The Red Crowned Parakeet is a native New Zealand bird, that was once spread right across New Zealand, but is now extinct on the mainland.
I was lucky enough to be able to get a few good images of them in a wildlife and art park in the Marlborough Sounds last year, at Lochimara Lodge. They are known by the Maori name - Kakariki.
They feed on seeds, berries, fruit, nuts and other parts of plants. They were extremely abundant in the 1880s, and they were known to rapidly increase in numbers at times (to irrupt). They are now only found on off shore islands such as Stewart Island, Tiritiri Matangi, and Somes. They are now categorised as vulnerable as the remaining populations are fragmented.
Their extinction on the mainland was due to their vulnerability to introduced species, particularly stoats, rats, possums, and habitat destruction following human settlement.
Kaka in Maori means Parrot, and Riki means small. The word is also used to mean strong green colour - literally "parrot-green" - due to the birds' vivid plumage. The patches of red on the birds' rumps are, according to legend, the blood of the demigod Tāwhaki (White 1887). The Kakariki are basically bright green in colour but as with most green coloured birds, some very beautiful colour varieties are produced. The red-crowned Kakariki is distinguished by a bright crimson forehead, crown and a streak through the eye with violet-blue on the wings while the yellow-crowned has a golden yellow crown. Sometimes specimens have been found where the green gives way to a bright canary yellow while the bright red and violet remain. There have been other specimens taken which are bright red or predominately blue.
They are also bred in captivity and they make good pets, however a licence from the New Zealand Department of Conservation is now required for this.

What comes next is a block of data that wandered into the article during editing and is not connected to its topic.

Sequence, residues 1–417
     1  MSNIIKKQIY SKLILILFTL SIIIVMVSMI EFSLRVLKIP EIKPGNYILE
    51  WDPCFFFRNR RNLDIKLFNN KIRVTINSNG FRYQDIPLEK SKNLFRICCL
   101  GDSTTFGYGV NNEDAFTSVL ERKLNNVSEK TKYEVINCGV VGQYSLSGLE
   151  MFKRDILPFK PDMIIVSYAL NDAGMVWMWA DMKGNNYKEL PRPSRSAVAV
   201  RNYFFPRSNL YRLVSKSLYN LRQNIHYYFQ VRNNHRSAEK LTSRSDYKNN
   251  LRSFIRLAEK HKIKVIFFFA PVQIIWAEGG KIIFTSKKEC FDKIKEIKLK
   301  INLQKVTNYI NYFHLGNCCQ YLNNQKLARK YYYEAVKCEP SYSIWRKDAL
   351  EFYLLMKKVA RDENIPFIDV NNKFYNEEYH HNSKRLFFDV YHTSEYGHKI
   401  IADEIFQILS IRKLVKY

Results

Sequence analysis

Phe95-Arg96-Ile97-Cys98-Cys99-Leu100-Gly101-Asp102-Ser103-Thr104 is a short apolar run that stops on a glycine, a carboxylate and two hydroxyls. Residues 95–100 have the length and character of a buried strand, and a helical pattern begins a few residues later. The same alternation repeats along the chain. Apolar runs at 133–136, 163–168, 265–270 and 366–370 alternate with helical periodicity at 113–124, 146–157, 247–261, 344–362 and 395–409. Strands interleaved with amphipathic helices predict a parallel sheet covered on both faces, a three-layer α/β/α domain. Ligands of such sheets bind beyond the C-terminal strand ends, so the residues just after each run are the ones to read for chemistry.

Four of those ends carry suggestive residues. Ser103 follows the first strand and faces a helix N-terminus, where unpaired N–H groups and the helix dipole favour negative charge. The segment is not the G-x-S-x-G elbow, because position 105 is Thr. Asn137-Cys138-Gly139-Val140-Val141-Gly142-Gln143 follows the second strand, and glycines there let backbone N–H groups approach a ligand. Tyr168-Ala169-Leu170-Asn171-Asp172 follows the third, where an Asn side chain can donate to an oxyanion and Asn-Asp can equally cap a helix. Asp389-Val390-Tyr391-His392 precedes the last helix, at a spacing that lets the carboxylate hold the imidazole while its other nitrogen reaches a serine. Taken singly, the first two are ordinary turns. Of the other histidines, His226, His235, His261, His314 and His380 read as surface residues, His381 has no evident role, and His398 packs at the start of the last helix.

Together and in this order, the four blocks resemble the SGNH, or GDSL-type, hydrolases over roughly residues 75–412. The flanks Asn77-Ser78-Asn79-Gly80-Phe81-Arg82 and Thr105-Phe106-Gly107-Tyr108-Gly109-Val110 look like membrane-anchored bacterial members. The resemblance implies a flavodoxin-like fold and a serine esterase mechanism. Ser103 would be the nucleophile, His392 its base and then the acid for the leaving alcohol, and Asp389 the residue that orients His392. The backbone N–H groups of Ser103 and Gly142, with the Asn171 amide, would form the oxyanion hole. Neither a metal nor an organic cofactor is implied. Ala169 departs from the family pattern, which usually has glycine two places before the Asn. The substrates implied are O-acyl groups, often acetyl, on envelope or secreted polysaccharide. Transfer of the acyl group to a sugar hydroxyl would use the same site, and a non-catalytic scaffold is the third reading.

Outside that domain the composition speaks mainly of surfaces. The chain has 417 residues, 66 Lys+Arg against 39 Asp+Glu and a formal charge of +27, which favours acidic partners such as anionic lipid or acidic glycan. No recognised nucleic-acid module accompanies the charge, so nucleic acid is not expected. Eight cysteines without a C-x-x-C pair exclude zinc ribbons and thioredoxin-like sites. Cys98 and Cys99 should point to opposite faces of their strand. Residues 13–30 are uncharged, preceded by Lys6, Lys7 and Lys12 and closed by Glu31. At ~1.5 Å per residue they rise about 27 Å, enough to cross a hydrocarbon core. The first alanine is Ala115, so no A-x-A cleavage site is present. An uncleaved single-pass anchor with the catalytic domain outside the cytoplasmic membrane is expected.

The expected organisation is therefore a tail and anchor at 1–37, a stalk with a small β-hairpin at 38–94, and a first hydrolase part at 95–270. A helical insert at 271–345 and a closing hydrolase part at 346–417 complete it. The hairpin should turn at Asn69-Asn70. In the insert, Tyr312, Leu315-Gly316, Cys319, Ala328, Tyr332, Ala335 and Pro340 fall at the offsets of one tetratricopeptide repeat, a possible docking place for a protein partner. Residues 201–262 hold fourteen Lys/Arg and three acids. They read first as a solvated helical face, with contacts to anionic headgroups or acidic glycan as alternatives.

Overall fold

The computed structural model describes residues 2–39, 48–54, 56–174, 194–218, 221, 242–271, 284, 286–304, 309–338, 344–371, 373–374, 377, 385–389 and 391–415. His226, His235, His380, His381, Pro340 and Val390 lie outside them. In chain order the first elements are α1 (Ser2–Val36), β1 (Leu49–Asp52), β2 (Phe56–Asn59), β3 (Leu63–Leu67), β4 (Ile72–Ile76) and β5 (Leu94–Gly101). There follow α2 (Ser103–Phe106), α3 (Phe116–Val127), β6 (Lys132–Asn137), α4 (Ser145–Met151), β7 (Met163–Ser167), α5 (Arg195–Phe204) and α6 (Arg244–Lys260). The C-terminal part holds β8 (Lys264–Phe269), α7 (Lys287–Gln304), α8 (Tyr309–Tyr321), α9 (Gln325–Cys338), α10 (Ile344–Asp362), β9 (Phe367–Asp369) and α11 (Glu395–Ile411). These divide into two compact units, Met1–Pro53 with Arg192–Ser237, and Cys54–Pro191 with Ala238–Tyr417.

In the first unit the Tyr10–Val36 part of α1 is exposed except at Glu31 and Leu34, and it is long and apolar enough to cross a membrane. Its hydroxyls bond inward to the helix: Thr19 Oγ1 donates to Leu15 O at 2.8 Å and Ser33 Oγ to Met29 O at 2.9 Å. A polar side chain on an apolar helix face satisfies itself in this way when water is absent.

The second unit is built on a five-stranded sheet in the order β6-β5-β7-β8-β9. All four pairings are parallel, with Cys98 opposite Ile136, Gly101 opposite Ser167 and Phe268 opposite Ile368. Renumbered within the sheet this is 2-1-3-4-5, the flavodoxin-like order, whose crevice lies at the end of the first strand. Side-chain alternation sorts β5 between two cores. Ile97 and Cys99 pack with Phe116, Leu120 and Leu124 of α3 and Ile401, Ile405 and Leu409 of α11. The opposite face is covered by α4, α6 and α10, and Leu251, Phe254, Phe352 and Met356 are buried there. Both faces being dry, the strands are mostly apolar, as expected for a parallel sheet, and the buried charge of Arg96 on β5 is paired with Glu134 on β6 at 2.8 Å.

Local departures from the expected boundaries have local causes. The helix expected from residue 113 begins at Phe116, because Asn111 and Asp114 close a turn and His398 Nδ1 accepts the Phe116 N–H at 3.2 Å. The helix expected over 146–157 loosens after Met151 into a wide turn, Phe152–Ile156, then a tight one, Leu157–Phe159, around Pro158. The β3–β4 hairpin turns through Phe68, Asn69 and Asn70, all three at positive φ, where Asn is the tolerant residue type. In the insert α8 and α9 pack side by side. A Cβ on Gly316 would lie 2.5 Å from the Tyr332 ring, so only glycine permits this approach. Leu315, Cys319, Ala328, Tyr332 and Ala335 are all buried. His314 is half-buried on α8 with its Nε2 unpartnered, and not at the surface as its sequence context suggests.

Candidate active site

Red-crowned parakeets favour holes in branches and trunks of trees, particularly decaying trees, for nesting. They also use crevices in cliffs or among rocks, burrows in the ground or densely matted vegetation.
During incubation, the cock calls the hen off the nest and feeds her by regurgitation. Both sexes feed the chicks but the cock usually transfers the food to the hen which then passes it along to the chicks. The red-crowned fledglings are fed on the ground for a period before they can fly which makes them especially vulnerable to predators
Kakariki are usually solitary or found in pairs, although in autumn and winter they may form small flocks. In flight they make a loud rapid chatter and may also chatter and babble when feeding.
There can be no doubt, that the destruction of the bush, especially the felling of the broad leafed trees, the Kakariki’s favourite haunts, the attacks of mustelids and rats which can get into its nesting holes, the increase of bees in hollow trees, shooting by farmers, trapping by fruit growers, are all reasons for the near demise of this lovely bird.
I hope that one day they'll be back in numbers on our mainland.